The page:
In 2020, three senators — Ron Johnson, Ted Cruz and Mike Lee — sent a stern letter to the CEO of Google, Sundar Pichai. Referencing Dr. Epstein’s work, the letter in effect told Google they had until Nov. 12, 2020, to stop their manipulation tactics. It worked. According to Epstein, Google did not send any “Go vote” reminders during the Georgia Senate runoffs.

Epstein believes Google has gotten the message and knows his team is watching as once again Georgia enters into another runoff election.

“Right this very minute, we are monitoring in Georgia, where there’s a Senate runoff scheduled for Dec. 6,” he told The Western Journal. “And we have a lot of field agents in Georgia, and as far as we can tell, Google has backed off in Georgia. They’re sending ‘Go vote’ reminders to everybody equally. And it looks like there’s almost no bias now in their search results.”

Epstein also believes monitoring is the solution to this problem of tech manipulation, and there’s very little that laws and regulations could do to stop Google’s undercover strategies.

“I think that this is the solution. I don’t think any laws are going to be passed, any regulations are going to be put in place — and certainly none will be passed that will make any difference,” Epstein told The Western Journal.

“I’m in touch with some of the people who are trying to create legislation and trying to create regulations, and nothing that’s in the works is moving forward very fast,” he said. “And frankly, every single thing I’ve seen would make no difference at all. Monitoring will make a difference. Monitoring is sunlight. … You turn on the lights, the cockroaches run away. “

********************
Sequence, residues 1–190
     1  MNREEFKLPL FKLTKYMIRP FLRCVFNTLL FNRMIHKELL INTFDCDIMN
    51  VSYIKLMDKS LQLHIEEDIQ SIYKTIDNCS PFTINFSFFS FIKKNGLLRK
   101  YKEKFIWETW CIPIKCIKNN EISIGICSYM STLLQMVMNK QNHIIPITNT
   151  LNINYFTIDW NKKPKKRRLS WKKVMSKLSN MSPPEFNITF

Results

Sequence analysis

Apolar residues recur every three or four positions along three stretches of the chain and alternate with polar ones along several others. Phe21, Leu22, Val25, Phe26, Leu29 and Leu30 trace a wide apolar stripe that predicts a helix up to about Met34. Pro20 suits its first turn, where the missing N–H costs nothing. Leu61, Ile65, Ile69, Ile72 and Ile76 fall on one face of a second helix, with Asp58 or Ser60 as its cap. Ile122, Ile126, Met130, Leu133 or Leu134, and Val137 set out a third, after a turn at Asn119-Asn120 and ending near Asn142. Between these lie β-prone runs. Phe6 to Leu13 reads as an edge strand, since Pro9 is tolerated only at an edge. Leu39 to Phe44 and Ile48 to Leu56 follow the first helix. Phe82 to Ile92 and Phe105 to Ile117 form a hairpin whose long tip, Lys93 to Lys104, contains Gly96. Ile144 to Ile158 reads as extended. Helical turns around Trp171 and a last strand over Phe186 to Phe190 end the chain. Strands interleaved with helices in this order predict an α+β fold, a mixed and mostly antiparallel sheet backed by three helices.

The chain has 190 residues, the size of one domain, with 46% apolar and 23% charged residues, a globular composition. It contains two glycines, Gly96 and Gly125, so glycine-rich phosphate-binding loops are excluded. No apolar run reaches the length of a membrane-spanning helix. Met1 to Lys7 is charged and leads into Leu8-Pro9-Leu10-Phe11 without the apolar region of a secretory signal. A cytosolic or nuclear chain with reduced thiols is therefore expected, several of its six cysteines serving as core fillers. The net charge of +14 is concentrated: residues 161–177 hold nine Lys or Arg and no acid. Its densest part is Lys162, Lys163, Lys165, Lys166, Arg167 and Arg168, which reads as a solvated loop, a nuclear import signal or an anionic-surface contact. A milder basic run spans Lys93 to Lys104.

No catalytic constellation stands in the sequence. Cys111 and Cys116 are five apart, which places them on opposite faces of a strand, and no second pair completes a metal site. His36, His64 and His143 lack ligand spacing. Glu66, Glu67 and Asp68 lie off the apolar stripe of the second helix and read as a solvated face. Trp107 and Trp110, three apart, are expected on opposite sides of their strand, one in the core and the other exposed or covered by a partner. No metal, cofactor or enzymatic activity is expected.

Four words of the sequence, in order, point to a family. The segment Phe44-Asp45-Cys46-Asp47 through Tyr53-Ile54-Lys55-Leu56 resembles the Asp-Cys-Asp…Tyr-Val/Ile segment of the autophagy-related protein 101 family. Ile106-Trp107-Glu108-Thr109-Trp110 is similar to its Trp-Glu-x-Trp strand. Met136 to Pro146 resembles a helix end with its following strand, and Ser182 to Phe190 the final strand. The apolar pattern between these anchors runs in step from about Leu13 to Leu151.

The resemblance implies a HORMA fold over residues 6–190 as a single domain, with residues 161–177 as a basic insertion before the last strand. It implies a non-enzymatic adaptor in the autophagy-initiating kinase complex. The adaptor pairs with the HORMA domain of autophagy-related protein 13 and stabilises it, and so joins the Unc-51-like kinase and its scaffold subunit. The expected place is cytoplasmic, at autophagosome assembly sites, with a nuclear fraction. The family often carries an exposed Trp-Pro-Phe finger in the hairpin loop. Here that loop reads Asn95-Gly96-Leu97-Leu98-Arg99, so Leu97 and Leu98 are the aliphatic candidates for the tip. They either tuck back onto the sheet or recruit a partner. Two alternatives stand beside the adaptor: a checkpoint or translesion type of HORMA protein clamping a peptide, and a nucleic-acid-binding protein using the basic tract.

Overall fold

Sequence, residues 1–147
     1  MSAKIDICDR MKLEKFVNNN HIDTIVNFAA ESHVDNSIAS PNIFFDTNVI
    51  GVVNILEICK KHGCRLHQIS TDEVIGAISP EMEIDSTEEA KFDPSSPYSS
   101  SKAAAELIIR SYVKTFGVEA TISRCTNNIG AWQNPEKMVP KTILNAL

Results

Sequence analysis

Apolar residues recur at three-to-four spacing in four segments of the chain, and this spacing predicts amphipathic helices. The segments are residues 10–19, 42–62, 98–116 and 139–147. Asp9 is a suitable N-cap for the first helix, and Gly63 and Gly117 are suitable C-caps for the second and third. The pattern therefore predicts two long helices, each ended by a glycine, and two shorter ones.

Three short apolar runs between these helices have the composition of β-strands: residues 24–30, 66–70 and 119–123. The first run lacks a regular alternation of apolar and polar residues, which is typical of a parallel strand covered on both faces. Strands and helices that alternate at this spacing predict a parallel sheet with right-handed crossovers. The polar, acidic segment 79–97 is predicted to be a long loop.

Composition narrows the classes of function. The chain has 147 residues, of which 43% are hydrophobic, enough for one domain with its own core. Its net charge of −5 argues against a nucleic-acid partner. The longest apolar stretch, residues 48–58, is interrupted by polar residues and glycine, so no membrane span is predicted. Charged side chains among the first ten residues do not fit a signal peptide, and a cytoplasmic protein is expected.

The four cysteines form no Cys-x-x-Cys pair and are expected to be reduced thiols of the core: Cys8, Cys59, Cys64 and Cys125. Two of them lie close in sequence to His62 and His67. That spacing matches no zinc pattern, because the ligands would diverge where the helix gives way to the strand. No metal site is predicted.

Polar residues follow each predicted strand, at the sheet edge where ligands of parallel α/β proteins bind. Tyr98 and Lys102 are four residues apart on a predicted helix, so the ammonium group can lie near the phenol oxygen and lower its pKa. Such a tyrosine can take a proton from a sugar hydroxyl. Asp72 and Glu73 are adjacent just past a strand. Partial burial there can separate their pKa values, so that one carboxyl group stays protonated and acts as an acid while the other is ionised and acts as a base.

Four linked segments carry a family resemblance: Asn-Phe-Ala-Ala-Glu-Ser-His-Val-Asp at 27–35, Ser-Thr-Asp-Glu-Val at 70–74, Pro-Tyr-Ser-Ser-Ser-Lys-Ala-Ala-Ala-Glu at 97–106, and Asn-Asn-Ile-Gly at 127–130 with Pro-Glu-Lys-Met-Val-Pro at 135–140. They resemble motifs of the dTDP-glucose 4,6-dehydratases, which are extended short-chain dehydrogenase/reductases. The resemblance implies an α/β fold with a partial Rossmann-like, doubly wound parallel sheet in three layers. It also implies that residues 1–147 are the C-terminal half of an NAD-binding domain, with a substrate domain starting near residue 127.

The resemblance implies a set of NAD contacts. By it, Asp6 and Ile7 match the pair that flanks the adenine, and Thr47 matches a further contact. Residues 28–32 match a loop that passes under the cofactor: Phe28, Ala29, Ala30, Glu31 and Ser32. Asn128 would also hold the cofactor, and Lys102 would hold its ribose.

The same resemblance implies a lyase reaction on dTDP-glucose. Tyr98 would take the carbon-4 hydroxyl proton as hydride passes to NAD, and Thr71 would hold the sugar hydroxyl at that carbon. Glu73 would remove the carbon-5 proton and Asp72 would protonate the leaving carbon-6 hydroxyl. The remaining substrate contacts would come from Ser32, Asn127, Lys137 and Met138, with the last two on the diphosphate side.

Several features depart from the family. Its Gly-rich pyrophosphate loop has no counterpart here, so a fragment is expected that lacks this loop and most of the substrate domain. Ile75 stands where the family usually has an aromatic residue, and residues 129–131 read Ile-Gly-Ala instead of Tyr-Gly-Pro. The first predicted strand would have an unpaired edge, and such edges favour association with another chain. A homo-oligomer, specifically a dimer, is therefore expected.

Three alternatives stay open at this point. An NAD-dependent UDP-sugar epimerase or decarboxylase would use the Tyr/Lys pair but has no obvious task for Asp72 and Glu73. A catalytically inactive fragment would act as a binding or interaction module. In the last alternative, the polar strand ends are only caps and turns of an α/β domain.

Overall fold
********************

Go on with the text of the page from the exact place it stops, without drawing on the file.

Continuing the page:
In states like Arizona, there has been much controversy and upset over suspected election fraud, particularly involving voting machines. But Epstein warns that it’s a distraction. Google and other tech companies want people looking anywhere but at them.

“Any story that the tech companies want to spread, they spread. Any stories they want to suppress, they suppress. If you see a story spreading like wildfire, that means that they are either allowing it to go viral, or they’re causing it to go viral. And it means they want you to see that,” Epstein told The Western Journal.

“So this voting machine stuff, if it’s spreading and people are going nuts over it, it’s because the tech companies want that to occur. Now why would they want that to occur? Because they don’t want you looking at them. They want you looking at these inconsequential trifles. … And these are inconsequential trifles because they don’t affect very many votes — number one. Number two, they’re competitive, so who cares? And anything that’s competitive is good for us, it’s good for democracy, it’s good for our system,” he said.

“Sometimes one of these dirty tricks end up affecting the outcome of an election, but usually not, because dirty tricks are happening on both sides. The net effect of these kinds of manipulations is small.”

Epstein’s goal is to monitor big tech companies like Google 24 hours a day in all 50 states, reporting suspicious conduct to authorities and journalists all the while. He says this will be reality by the end of 2023.

“You’re talking about the most powerful industry that’s ever existed in the history of humankind. And they’re not just impacting our thinking and our behavior and our votes in the United States. They’re now influencing more than 3.5 billion people around the world,” he told The Western Journal.

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Ole Braatelien is a social media coordinator for The Western Journal. He currently attends Arizona State University's Walter Cronkite School of Journalism, where he is pursuing a bachelor's degree in journalism and mass communication.